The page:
Most importantly, “Traction” has helped fortify a habit of looking toward the weeks and months ahead. I’m much more intentional, and I focus my energy on what matters most … like brunching with my girlfriends each season … or sending birthday cards on time … or actually trying all of those new restaurants I’ve been meaning to visit (I consider these adventures). 

I’m designing my life for joy, peace, and magic.

As I reflect on the past year, I’m amazed at my accomplishments … at my overall traction. And there were failures, of course. Some home-improvement and creative projects that just didn’t happen. But they still can. I just have to focus.

I’m excited about my fresh batch of goals for spring 2020, which include training for a 5K that will loop through Kings Dominion (my 6-year-old is super jazzed) … and finally turning some of her baby clothes into memory quilts (with the help of Etsy).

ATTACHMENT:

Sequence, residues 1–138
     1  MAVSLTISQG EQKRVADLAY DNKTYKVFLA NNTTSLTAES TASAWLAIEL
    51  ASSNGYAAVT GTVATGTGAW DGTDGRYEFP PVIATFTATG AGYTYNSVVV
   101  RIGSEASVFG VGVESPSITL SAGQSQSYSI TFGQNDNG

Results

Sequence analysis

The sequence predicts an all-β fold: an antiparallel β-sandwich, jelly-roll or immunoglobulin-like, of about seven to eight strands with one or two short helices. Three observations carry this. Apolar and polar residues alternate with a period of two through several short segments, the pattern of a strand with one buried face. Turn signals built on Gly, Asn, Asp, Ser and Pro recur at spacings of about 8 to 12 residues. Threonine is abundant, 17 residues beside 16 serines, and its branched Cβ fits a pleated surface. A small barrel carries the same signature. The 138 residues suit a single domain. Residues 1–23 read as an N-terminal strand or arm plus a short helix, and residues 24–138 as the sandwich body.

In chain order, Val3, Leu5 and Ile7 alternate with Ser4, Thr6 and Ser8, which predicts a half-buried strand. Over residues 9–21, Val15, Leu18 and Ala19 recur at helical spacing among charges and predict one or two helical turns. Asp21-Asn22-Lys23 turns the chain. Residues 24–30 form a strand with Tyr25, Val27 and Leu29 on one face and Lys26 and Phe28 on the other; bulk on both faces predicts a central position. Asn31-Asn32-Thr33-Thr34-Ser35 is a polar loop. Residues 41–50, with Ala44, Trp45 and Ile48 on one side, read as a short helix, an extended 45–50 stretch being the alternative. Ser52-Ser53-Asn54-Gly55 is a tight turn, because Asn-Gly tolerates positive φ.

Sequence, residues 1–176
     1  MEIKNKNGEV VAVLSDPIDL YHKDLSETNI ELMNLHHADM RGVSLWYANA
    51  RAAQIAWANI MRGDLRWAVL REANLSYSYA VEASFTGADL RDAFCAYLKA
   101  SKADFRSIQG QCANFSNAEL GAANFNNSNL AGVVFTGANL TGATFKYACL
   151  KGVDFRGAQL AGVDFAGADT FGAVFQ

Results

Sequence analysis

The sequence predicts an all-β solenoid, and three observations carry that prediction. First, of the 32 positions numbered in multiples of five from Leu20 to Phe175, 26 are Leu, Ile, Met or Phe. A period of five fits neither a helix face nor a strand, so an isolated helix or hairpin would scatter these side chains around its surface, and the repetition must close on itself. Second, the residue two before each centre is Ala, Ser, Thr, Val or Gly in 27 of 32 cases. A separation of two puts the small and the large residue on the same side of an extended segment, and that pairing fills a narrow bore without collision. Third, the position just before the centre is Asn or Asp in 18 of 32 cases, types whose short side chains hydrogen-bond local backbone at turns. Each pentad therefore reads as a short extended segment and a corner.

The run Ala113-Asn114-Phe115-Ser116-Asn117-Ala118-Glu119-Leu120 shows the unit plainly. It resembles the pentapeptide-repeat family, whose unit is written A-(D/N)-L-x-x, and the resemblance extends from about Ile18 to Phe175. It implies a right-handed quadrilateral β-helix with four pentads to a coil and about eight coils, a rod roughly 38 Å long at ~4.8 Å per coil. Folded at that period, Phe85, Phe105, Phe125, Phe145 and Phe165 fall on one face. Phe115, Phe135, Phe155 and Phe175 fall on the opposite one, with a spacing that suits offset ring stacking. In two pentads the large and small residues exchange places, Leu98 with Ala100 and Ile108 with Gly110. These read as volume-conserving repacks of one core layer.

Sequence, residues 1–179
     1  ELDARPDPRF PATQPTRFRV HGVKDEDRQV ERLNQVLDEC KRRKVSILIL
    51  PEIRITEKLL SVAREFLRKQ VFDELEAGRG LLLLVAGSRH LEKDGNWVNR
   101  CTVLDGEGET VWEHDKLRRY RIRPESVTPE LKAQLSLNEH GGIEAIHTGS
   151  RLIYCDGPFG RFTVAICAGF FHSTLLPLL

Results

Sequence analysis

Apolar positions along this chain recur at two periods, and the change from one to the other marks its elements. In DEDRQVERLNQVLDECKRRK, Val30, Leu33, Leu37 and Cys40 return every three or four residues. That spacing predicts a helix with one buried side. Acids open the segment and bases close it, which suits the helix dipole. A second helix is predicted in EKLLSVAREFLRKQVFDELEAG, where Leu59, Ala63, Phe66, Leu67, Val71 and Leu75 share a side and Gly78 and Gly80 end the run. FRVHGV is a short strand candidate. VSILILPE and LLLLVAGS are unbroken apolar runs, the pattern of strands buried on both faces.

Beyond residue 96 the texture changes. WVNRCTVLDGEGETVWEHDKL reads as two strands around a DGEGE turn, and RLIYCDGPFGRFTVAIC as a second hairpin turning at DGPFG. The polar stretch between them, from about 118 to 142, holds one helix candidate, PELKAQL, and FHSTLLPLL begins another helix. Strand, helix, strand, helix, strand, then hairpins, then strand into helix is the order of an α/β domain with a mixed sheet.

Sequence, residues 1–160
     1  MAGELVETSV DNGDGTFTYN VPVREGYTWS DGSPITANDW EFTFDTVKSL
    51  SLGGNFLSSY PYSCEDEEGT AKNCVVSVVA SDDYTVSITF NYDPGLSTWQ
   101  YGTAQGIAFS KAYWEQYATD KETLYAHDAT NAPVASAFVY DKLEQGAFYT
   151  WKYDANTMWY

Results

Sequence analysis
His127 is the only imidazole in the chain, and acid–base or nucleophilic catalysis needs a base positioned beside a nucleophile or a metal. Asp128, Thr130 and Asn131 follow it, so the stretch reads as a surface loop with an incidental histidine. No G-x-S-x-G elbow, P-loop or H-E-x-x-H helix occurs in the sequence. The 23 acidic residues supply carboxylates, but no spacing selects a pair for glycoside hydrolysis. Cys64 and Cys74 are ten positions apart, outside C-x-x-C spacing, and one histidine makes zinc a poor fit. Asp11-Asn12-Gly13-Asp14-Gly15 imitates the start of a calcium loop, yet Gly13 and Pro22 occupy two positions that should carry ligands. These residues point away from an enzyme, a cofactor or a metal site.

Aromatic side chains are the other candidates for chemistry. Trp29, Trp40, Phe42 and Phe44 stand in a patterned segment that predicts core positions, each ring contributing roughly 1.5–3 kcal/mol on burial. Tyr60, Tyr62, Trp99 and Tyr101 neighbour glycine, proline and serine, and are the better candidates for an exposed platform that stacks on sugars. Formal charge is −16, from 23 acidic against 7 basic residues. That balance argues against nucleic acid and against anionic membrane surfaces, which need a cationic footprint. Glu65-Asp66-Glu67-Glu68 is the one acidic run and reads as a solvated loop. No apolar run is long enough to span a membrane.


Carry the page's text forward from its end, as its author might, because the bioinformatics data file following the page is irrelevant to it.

So what does “Traction” have to do with grants?

Because successful grant projects function like successful enterprises. We try to align our projects with the college’s vision and the funder’s mission; set measurable goals; and gather data to show need and impact. Or to boil it down further with real talk: What are we doing? Why are we doing it? Does it make a difference? 

Perhaps a grant project could help you focus on some of your ambitious career goals. What are your most cherished priorities? What are your Rocks?

Check out the book … or come chat with me about making your ideas happen. I might bring cinnamon rolls!

— Stephanie Ogilvie Seagle, March 2020

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About Stephanie

Stephanie SeagleStephanie Ogilvie Seagle has served as Grant Specialist at Virginia Western since 2016, but she prefers her honorary title: “Chief Joy Officer.” Stephanie spent most of her career at The Roanoke Times, a daily newspaper, where she served in various news and features roles including “Shoptimist” shopping columnist. She earned a bachelor’s degree in integrative studies at George Mason University and a master’s of arts in liberal studies at Hollins University. Stephanie is a mom to one human daughter and multiple chihuahuas … and is obsessed with reading nonfiction, Halloween, and crafting glow necklaces inspired by the Mill Mountain Star. Glow Roanoke!